In December 2016, the company I was working at cut my hours from full-time to part-time. Two months later, they laid me off.
In January, I was still optimistic that my reduced hours would bounce back to full time, so I made a goal — a small goal — to hike five times that month. Fulfilling that goal helped me handle the disappointment of being laid off, gave me something to do with my spare time, and quieted the unkind thoughts in my head.
Here’s how winter hiking helped me stay sane.
This was my first ever job out of college. As a startup, it had no benefits. Plus, my spouse was still getting his undergrad. Finances were tight, we barely had health insurance, and getting my hours cut was a real blow.
I went to work in the morning and finished around noon. Since I had so much extra time, I would go back home and do…nothing. I got stuck in my own head and thought about how worthless of an employee I must be to get my hours cut.
I couldn’t live like that, so I left the house and started hiking instead. I layered up, laced up my trail running shoes, and went to hike in the snow on the nearby mountain in Utah Valley. Just taking action made a difference.
An article in Business Insider discussed research from Iowa State University that found the simple act of walking can improve your mood. It seems the act of moving itself, regardless of where you are or what you’re doing, can help your body experience more positive feelings. Hiking is basically walking, but a little more intense.
Winter hiking came with its own challenges: staying warm, hiking before sundown, telling people where I was in case something happened, and the extra effort that came with hiking in snow.
Studies have been done to focus on the mindful nature of walking. Winter hiking can help you do that due to its challenging nature. You’re focusing entirely on hiking safely, the way your body is feeling while hiking, the temperature outside, and where you’re going. Here was a hobby outside of my professional life that I could do and allowed me to think in the moment.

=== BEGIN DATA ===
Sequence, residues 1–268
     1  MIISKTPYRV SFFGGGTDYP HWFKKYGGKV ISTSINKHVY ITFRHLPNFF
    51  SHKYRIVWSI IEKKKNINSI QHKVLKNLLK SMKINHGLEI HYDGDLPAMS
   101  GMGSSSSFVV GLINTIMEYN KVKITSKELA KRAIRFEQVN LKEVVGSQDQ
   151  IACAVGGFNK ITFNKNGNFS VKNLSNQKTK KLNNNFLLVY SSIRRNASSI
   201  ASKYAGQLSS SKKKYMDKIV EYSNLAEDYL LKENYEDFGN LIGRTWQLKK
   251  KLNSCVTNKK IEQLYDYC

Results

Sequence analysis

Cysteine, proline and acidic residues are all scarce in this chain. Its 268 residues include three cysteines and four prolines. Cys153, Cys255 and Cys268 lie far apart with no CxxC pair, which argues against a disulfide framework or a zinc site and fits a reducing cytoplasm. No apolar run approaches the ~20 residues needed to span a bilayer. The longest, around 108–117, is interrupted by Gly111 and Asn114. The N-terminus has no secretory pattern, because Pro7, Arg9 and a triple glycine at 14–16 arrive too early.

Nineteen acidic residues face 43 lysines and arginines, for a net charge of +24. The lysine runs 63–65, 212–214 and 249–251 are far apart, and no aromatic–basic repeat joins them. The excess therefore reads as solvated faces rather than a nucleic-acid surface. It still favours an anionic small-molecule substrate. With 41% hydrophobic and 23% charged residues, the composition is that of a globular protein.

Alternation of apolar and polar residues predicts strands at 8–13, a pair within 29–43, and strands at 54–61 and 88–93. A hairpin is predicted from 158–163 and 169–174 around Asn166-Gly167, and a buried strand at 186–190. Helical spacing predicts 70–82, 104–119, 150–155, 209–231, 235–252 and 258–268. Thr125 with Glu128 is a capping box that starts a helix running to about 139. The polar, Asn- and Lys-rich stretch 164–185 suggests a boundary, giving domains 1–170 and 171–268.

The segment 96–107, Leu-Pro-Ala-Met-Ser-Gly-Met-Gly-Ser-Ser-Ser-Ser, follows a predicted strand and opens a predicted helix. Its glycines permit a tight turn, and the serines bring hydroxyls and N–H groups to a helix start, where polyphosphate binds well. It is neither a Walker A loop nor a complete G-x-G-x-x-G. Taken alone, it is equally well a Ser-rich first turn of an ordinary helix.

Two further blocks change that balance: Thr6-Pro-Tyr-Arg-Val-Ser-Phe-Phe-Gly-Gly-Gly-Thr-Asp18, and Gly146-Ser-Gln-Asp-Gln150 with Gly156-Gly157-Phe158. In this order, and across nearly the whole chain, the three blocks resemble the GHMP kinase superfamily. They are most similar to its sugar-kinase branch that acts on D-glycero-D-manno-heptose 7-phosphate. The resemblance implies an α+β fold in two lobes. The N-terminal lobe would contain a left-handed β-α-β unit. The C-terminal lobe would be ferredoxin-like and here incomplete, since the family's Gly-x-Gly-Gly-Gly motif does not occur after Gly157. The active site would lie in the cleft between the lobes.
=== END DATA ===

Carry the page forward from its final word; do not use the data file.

I did the same trail every time. It was a steep hill that had an elevation gain of 1,102 feet over the course of 1.2 miles one-way. I got a good cardio workout from the steepness alone.
One time I hiked in the late afternoon around 5 p.m. Except for the backcountry snowboarder I met on the way up, I was alone.
Sweating uphill had warmed me up plenty, but going downhill was cooling me down. The sun was setting and the night was cooling down quickly. I had a short window of time to get to my car and had forgotten gloves. I started trotting faster down the mountain, as fast as my feet would let me without slipping on the snow.
I made it to the car after sunset. My car took 20 tries before it started (because of course it did, we couldn’t afford to fix our car) and my hands were numb, but I made it. My challenge was terrifying, but for once, I was focusing more on not dying than what was going on at work.
Have you ever heard of forest bathing? It’s the act of immersing yourself in nature and engaging all five senses. An article on CBS News discussed how spending time in nature can reduce depression and anger, as well as improve cardiovascular health, cognitive function, and creativity.
While my hiking wasn’t exactly in the forest — it was more on the face of a prominent mountain — I experienced the benefits nonetheless.
Winter hiking brings total stillness.
It’s not as common, so there are less people. Snow also has a peaceful element about it. The trail I hiked was popular enough that I saw at least one other person on it, which helped me feel safer. I experienced the benefits of enjoying true alone time and total peace.
The challenge of my hike, the peace I experienced, and just getting out of my house helped me feel better. It didn’t completely erase the pain of losing my job, but it helped. It gave and still gives me something to look forward to and helps me find meaning outside of my job.